- Ease of Management – Don’t forget to factor in the value of ease of use. Ease of use can be measured by the number of FTEs required to manage 100 PBs.
Having an established measurement framework makes it easier to evaluate the potential value of the latest “hot” storage initiatives. This also helps IT leaders balance the ongoing desire of their staff to work with the latest, “not-to-be-left-behind” technologies, while also fulfilling their fiduciary responsibilities to the business. This is especially important with all the analyst and industry expert hype surrounding the cloud, solid state (i.e. RAM, SSD or Storage Class Memory (SCM)), software defined storage, and converged or hyper-converged infrastructure. Without the kind of leadership rigor and practice of objective measurement described above, our initial reaction may be to double down in these various areas to ensure we understand the bleeding edge technologies and are not left behind. But there are two pitfalls with this approach that can prevent you from achieving the superior TCO you desire:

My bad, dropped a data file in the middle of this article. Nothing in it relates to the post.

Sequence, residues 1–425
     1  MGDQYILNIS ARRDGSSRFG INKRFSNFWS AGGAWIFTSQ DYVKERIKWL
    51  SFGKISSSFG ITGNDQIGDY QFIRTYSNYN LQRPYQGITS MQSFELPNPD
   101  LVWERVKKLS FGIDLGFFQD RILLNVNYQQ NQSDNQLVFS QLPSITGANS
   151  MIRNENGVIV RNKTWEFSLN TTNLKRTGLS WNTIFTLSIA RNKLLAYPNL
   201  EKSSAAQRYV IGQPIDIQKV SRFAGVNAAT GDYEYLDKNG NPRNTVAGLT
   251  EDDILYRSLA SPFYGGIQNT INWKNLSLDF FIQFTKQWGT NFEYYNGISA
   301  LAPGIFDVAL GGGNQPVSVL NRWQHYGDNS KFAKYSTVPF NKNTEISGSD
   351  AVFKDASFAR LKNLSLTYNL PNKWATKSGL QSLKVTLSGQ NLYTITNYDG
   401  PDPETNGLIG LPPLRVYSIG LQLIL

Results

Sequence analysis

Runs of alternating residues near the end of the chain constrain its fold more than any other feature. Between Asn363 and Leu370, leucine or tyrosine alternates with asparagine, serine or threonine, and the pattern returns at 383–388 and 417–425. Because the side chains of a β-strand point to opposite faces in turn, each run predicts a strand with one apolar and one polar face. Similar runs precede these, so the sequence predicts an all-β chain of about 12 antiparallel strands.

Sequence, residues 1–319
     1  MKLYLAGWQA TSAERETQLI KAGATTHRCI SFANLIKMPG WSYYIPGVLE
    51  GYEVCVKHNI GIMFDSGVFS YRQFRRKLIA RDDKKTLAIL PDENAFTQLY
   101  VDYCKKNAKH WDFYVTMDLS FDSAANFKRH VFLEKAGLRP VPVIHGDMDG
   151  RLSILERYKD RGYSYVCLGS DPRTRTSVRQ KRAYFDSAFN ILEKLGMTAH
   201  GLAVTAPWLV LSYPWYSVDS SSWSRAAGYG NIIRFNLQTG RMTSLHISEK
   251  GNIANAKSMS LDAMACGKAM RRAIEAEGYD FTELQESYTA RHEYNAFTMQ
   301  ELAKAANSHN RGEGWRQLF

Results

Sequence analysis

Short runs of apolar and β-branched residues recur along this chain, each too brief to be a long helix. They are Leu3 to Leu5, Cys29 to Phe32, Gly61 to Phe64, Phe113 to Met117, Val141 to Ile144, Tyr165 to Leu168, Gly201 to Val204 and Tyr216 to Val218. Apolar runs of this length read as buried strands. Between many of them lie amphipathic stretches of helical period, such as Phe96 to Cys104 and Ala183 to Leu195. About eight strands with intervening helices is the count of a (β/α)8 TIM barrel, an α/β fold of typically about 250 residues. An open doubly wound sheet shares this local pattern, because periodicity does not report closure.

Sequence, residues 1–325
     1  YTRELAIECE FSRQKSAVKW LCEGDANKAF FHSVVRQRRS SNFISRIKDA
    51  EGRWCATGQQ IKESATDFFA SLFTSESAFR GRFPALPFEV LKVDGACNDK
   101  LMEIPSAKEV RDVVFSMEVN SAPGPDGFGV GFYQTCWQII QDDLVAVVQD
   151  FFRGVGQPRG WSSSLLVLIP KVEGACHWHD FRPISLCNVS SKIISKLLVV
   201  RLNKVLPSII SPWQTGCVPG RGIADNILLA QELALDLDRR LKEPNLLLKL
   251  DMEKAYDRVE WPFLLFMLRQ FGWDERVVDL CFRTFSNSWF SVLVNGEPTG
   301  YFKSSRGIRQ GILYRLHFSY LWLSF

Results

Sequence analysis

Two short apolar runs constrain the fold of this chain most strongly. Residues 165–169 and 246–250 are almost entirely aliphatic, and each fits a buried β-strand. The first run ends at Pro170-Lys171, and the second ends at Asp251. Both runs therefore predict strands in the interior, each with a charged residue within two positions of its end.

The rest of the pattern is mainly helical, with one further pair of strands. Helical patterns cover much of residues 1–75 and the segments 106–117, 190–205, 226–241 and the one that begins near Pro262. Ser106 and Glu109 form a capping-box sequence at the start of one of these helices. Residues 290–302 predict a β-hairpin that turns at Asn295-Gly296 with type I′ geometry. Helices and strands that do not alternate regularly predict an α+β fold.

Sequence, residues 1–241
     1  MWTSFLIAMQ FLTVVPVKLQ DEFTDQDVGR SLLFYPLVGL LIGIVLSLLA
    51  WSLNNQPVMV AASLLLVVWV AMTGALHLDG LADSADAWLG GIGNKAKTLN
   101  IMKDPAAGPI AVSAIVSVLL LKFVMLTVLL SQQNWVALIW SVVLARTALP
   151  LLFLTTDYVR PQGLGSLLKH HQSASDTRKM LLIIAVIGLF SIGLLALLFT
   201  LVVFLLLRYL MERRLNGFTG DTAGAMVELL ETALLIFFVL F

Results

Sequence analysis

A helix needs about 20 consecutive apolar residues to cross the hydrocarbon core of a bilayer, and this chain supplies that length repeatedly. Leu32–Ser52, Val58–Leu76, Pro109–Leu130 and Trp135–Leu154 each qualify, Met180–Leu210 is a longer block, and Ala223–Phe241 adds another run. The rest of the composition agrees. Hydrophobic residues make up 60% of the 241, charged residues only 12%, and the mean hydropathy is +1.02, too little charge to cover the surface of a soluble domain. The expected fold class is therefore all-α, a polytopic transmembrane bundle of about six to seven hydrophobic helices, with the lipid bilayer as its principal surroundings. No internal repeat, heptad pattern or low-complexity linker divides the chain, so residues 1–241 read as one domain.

- The “bleeding edge” is labeled as such, due to the excessive financial resources needed to maintain that bleeding edge.
- There are plenty of examples of the “shiny object syndrome” where the latest, greatest, shiny object fails (i.e. Beta vs VHS, proprietary vs open standards or NOR vs NAND Flash).
The real secret to success is cutting through the storage hype and finding out what approach will actually work to deliver industry leading TCO. It entails that IT leaders measure and manage with a rigorous efficiency and effectiveness framework focused on superior value in the foundational pillars of IT storage TCO.
Hopefully, much like Jack Nicholson’s “aha” or “oh, no” moment a few minutes after blurting out, “You can’t handle the truth!” to Tom Cruise in the climactic courtroom scene, this post will open your eyes to true storage TCO and how to get there by diligently measuring all the different aspects of what you hope to manage in your storage environment.
About Ed Garver
Ed Garver is Technical Sales Director at INFINIDAT. He has been involved in IT and storage technologies for over 30 years. He has held various leadership positions at Fortune 500 companies like Verizon, EMC and IBM.